Sweet’s work has focused on impacts people see in urbanized areas near aquifers from which localities pump water for drinking, such as the Norfolk, VA, region, the Chesapeake Bay area, Miami, and other coastal areas.
Recurrent high tide flooding is reaching local thresholds for minor flooding, with such events occurring on an accelerated frequency and duration trajectory due to sea level rise causing hydraulic pressures on ocean side, he says.
Sweet and oceanographer John Marra recently completed an analysis of nuisance flooding in 27 US cities. Nuisance flooding is minor, recurrent flooding that takes place at high tide. It occurs when the ocean has reached the “brim” locally. Because of sea level rise, nuisance flooding in the US has become a “sunny day” event—not necessarily linked to storms or heavy rain, notes Sweet.
NOAA measures nuisance flooding as occurring when the water level at a NOAA tidal gauge exceeds the local threshold for minor flooding impacts established by the National Weather Services’ (NWS) local weather forecasting offices through years of floodmonitoring.
NOAA reports each location’s nuisance flood threshold as height above the long-term average of the daily high tide. Some locations have more than one high tide each day—for those locations, the nuisance flood level is reported relative to the average of the higher of the location’s high tides.
During nuisance flooding, waves may top old seawalls, water may inundate low-lying roads, and stormwater drainage can be diminished. Impacts disrupt transportation, damage infrastructure, and strain city and county maintenance budgets. A nuisance flood can become a more severe problem if a local rainstorm, storm surge, or wave-topping event coincides with high tide.
Due to sea level rise, the frequency of high-tide nuisance floods is rapidly increasing along US coasts, the oceanographers report.
During 2014, nuisance flooding occurred most frequently along the mid-Atlantic stretch between New Jersey and Georgia. This region typically experiences frequent northeasterly wind events, and the wide continental shelf—a large area of relatively shallow water—allows high water levels to set up during storms or from less-noticeable onshore wind forcing.
The West Coast and Hawaii also have experienced relatively high numbers of nuisance floods, due in part to higher sea levels from unusual ocean warmth and onshore prevailing wind forcing.
Along the East Coast, El Niño-related atmospheric “teleconnections” help establish a more zonal (west-to-east) jet stream and storm track, resulting in higher-than-normal storm surge frequencies along much of the mid-Atlantic coast.
Higher sea levels set the stage for typical king tides and normal winter storms to have a bigger impact than usual.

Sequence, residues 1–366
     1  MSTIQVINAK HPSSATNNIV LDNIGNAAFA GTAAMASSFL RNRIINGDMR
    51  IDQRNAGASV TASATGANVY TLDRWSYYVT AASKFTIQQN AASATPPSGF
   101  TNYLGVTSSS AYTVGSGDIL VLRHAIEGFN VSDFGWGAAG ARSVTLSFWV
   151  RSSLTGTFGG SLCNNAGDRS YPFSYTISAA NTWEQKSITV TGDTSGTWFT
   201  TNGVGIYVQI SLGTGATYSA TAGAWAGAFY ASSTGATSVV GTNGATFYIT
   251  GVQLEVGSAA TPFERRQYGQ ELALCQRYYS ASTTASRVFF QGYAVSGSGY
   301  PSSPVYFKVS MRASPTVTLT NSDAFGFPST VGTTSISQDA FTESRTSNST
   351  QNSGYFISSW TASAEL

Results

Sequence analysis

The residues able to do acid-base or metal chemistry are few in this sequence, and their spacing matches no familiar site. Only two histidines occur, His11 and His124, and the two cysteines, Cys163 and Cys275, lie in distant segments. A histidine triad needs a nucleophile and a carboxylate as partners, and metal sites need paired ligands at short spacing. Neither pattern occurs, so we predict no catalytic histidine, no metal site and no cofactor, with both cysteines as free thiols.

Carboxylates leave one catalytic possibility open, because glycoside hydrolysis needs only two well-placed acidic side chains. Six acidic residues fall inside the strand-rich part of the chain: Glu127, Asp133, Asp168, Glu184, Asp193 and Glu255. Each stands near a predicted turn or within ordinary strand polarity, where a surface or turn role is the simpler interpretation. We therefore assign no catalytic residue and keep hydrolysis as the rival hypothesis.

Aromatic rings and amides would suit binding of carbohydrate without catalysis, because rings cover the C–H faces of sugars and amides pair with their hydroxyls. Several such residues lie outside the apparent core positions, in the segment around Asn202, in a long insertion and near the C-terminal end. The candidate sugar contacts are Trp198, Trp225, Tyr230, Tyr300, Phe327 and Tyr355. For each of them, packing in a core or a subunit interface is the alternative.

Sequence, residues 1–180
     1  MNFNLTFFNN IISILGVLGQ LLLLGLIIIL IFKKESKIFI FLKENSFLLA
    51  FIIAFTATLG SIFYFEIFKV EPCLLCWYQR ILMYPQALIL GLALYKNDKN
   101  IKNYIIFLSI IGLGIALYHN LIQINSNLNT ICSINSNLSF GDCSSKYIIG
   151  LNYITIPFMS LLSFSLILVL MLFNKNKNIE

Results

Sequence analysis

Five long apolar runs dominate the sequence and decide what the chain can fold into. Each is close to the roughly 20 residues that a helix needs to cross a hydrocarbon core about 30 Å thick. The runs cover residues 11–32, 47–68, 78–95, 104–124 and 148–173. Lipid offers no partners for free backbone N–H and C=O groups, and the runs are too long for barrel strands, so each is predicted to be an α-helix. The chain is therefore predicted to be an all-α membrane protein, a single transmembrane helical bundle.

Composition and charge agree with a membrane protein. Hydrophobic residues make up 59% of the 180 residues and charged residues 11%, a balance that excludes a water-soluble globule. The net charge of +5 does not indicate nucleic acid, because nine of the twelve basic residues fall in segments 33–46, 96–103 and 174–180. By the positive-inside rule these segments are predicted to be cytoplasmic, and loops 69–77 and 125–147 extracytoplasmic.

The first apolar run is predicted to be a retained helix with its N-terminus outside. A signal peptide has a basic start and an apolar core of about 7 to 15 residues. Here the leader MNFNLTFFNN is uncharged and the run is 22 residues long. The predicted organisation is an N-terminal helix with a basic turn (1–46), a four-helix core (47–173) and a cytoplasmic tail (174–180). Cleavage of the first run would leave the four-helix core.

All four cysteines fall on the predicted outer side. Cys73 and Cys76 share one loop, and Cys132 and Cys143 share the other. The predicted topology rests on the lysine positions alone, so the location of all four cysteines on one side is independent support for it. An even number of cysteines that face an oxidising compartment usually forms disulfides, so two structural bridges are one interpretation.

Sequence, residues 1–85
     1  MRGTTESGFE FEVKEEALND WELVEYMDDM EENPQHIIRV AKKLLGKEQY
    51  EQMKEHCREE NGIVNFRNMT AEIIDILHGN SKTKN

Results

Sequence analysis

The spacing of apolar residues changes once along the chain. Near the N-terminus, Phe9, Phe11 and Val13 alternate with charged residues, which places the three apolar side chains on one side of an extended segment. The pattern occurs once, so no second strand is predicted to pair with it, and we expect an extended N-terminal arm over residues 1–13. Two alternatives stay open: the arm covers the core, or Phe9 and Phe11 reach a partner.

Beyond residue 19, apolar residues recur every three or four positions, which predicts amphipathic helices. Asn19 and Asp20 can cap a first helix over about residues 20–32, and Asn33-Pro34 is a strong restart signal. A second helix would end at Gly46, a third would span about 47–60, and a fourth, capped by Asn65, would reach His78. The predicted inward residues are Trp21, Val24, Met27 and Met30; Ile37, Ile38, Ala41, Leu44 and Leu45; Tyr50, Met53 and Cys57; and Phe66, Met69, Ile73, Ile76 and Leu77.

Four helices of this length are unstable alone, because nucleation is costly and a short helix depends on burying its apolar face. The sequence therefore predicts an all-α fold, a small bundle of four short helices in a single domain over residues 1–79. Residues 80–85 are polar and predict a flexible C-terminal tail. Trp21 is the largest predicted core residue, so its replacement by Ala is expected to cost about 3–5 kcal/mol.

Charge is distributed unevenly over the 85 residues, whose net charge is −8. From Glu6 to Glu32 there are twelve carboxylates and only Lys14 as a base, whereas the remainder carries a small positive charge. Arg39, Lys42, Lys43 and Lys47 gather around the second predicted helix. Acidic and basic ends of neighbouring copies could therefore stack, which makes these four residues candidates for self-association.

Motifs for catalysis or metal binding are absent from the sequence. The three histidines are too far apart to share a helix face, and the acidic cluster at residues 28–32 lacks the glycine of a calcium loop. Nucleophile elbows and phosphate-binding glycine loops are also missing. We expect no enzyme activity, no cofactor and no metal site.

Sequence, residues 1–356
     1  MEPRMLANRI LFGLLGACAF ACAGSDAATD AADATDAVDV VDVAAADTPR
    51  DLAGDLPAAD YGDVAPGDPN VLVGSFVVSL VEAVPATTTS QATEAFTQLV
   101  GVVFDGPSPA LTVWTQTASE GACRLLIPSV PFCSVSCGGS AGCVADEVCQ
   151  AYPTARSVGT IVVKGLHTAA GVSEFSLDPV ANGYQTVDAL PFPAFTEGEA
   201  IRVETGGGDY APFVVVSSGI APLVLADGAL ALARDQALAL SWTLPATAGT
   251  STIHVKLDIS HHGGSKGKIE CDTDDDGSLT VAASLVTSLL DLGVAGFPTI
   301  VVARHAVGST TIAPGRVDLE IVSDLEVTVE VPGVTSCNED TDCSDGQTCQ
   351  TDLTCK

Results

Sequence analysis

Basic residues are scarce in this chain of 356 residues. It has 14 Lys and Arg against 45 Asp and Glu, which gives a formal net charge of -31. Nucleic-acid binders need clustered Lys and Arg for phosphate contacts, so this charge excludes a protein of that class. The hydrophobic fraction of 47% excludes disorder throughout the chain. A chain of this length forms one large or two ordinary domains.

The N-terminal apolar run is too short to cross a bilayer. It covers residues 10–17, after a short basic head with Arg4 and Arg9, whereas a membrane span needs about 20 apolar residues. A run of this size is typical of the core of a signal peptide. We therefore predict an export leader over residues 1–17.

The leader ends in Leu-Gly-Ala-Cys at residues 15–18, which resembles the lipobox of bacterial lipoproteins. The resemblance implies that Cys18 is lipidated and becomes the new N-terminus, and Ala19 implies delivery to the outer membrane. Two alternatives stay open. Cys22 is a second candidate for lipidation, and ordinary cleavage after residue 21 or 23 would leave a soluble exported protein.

Nuisance flood thresholds vary by location and depend on the surrounding landscape, topography, and infrastructure. In general, US infrastructure is vulnerable 1–2 feet above high tide.
Along the East and some of the Gulf coasts, acceleration in annual nuisance flooding is already underway, implying that once impacts become problematic, they will quickly become chronic.
Although the trends are impacted by yearly variabilities, on average, annual nuisance flood frequencies have been dramatically increasing. More common tides and storms today are causing impacts, whereas decades ago such impacts would have been more associated with more powerful and rare storms.
The NWS has determined on many of NOAA’s tide gauges levels to which emergency managers need assistance, he adds.
Even though there has been a gradual linear sea level change in the last several decades, Sweet notes there is a “very clear exponential increase in the number of days with tidal waters reaching elevations that are becoming impacted. We’re talking 2 feet, 3 feet sometimes.”
With high tide events on an accelerated trajectory in many places around the country, it may present concern for fresh water in the ground, says Sweet.
“These are not necessarily storm-forced events, these are tidal events, so it’s water seeping up anywhere that the tide has the reach to come inland, such as back bays,” he adds. “It’s water that’s defined by an elevation of that tide that will propagate and impact areas that the tide has exposure to.”
It will change the chemical composition of the water, with the implication that water utilities will need to consider different approaches to water treatment.
“It’s saltwater that is now infiltrating and inundating areas that historically hadn’t had this kind of exposure and it’s increasing quite rapidly,” notes Sweet.